Highway 24 remains closed for third night
MINTURN — U.S. Highway 24 remained closed through Monday night after a rockslide that happened around 6:45 p.m. on Saturday blocked the road between Minturn and Red Cliff at mile marker 148, a few miles east of Minturn.
Colorado Department Transportation crews worked through Monday blasting the rocks, some as big as pick-up trucks, to smaller pieces in order to clear the road. There was significant damage to the pavement, which crews will need to repair before the road can be re-opened, said CDOT’s Tracy Trulove.
“There were several holes we had to fill,” she said. “They’ll be back out at daybreak to work on that, and we’re looking at a midday opening.”
Specialists who investigated the area said the rocks fell from nearly 1,000 feet above the road, from a part of the mountain that is private property.
Meanwhile, residents of Red Cliff and Leadville have had to find other ways to get to the Vail Valley, rerouting to Copper and over Vail Pass.
On Sunday and Saturday, some residents reported commutes of 2 to 3 hours to get into Vail from Red Cliff thanks to winter road conditions and traffic. Red Cliff resident Stacy Anderson said she first heard about the slide Saturday evening when she was at work. After getting off work at 10 p.m. that evening, she made her way up Vail Pass, past Copper and to Highway 24, dealing with road closures and snowy roads — and without cell reception for most of the way. It took her about 3 hours to get home that night, and then 2 hours the following day to return to work.
“My commute normally takes 30 minutes in good conditions (over Battle Mountain), and if it’s super snowy, it takes 45 minutes,” Anderson said. “I’ve lived up here for four years, and I haven’t experienced a closure this long. This is just a tough time of the year for it happen, with the weather and the busy season.”
Conditions seemed to have improved Monday as snowplows caught up with the snowfall. Red Cliff Mayor Scott Burgess said that on Monday, the detour added about 45 minutes to his normal work commute into Avon.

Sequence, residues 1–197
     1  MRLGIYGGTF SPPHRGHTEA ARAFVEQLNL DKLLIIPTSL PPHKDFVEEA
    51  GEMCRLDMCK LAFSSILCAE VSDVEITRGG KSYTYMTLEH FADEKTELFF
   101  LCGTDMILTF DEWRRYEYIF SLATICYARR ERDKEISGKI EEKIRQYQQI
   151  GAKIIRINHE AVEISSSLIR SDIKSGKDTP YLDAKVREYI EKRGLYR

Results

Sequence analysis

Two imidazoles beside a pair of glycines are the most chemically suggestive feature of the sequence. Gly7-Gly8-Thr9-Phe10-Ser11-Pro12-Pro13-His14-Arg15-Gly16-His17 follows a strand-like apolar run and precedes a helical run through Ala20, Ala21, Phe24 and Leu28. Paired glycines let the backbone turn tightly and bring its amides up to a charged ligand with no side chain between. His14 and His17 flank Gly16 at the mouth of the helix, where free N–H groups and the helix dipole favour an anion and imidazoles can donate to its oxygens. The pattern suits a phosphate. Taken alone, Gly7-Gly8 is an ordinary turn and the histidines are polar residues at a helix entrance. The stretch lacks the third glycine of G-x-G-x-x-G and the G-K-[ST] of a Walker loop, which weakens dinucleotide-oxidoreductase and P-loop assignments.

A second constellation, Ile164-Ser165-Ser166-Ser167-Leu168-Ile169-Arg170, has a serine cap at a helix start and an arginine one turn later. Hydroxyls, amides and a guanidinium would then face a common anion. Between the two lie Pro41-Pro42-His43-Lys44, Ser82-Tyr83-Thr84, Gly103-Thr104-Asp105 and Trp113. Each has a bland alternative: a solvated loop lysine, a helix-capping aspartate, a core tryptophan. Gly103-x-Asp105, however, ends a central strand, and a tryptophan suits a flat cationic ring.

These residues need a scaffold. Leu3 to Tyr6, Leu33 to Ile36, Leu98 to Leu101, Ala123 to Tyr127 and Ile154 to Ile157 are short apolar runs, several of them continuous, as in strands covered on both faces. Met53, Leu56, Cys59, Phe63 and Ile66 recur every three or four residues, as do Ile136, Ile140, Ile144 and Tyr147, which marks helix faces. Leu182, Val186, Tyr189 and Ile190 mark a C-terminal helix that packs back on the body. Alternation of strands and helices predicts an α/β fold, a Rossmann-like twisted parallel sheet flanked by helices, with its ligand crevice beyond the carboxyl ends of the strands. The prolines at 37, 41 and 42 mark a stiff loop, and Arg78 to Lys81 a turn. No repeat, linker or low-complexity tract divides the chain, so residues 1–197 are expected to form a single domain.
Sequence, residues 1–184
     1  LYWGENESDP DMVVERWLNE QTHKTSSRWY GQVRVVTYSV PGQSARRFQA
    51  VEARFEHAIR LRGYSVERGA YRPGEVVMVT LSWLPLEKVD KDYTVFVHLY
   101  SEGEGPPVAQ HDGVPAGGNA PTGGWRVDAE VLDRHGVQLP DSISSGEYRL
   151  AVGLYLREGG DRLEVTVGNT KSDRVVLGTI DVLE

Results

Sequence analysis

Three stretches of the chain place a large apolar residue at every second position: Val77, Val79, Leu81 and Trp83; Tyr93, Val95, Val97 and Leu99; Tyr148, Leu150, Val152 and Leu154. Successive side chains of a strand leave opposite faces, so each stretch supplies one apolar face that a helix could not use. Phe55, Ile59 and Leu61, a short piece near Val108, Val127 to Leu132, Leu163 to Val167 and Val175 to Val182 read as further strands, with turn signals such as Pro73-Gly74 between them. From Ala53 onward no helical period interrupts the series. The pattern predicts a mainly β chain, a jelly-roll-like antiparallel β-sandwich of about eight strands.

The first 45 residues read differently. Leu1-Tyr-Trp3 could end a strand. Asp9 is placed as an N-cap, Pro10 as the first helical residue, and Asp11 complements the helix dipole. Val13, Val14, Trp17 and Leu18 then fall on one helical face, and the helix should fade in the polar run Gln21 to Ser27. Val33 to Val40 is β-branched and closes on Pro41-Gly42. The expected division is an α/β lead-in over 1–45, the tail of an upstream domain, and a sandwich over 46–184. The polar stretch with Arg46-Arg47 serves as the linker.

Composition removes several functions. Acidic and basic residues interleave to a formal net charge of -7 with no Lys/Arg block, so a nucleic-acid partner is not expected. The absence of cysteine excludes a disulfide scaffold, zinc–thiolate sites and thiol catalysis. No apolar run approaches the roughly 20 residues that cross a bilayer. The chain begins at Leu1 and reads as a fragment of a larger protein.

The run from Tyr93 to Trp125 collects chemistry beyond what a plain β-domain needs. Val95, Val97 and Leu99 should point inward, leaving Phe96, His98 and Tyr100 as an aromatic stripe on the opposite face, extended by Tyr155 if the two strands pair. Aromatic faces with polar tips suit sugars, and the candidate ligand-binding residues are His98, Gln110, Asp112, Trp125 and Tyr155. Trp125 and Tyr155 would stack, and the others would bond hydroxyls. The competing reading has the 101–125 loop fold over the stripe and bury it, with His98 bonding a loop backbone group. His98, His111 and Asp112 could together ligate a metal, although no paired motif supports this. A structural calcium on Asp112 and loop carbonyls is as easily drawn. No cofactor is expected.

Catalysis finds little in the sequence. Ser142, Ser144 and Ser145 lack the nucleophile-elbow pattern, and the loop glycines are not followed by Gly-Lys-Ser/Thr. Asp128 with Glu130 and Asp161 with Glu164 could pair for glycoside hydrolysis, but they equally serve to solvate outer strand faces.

“It really wasn’t that bad. It took us about 1 hour 20 minutes to get in this morning,” he said. “I was shocked at how nice the roads were. The plows had done a nice job between Red Cliff and Leadville.”
Leadville resident Dudley Underhaul said he was lucky enough to not have to work on Sunday and Monday, but that he will have to commute to Beaver Creek today.
“It doesn’t add on too much time to take Vail Pass, but I generally avoid it, because of the high speeds, inexperienced drivers and trucks. Of course, Vail Pass is more likely to close than not, so I’m praying it stays open,” he said. “There’s a lot of snow, so you never know.”
No one was hurt in the slide, but a couple of vehicles sustained damage in the incident, said Trooper Josh Lewis of the Colorado State Patrol.
The slide occurred in the same area where a major rockslide occurred in April. While major slides such as Saturday’s are not common, local residents say that falling rocks and debris on the road have always been a problem.
“Once I was driving (on Highway 24), and a rock the size of a grapefruit hit my grill. Fortunately it didn’t really hurt anything except my grill and some dents,” Underhaul said. “I always drive a little wide to the road between Red Cliff and Minturn. There are often rocks in the road in the fall and spring, and you have to keep your eyes peeled.”
Specialists will re-evaluate the area in the spring once the snow melts to see if anything can be done to make the stretch safer. Trulove of CDOT said that people often ask what can be done to avoid or prevent slides.
“Unfortunately, the answer is that we live in Colorado and in the Rocky Mountains, and while there are many natural disasters we don’t have, rockslides are one that we do have and that we have to deal with,” she said. “It’s not something that we can predict without a crystal ball.”
Assistant Managing Editor Melanie Wong can be reached at 970-748-2927 or at firstname.lastname@example.org. Follow her on Twitter @mwongvail.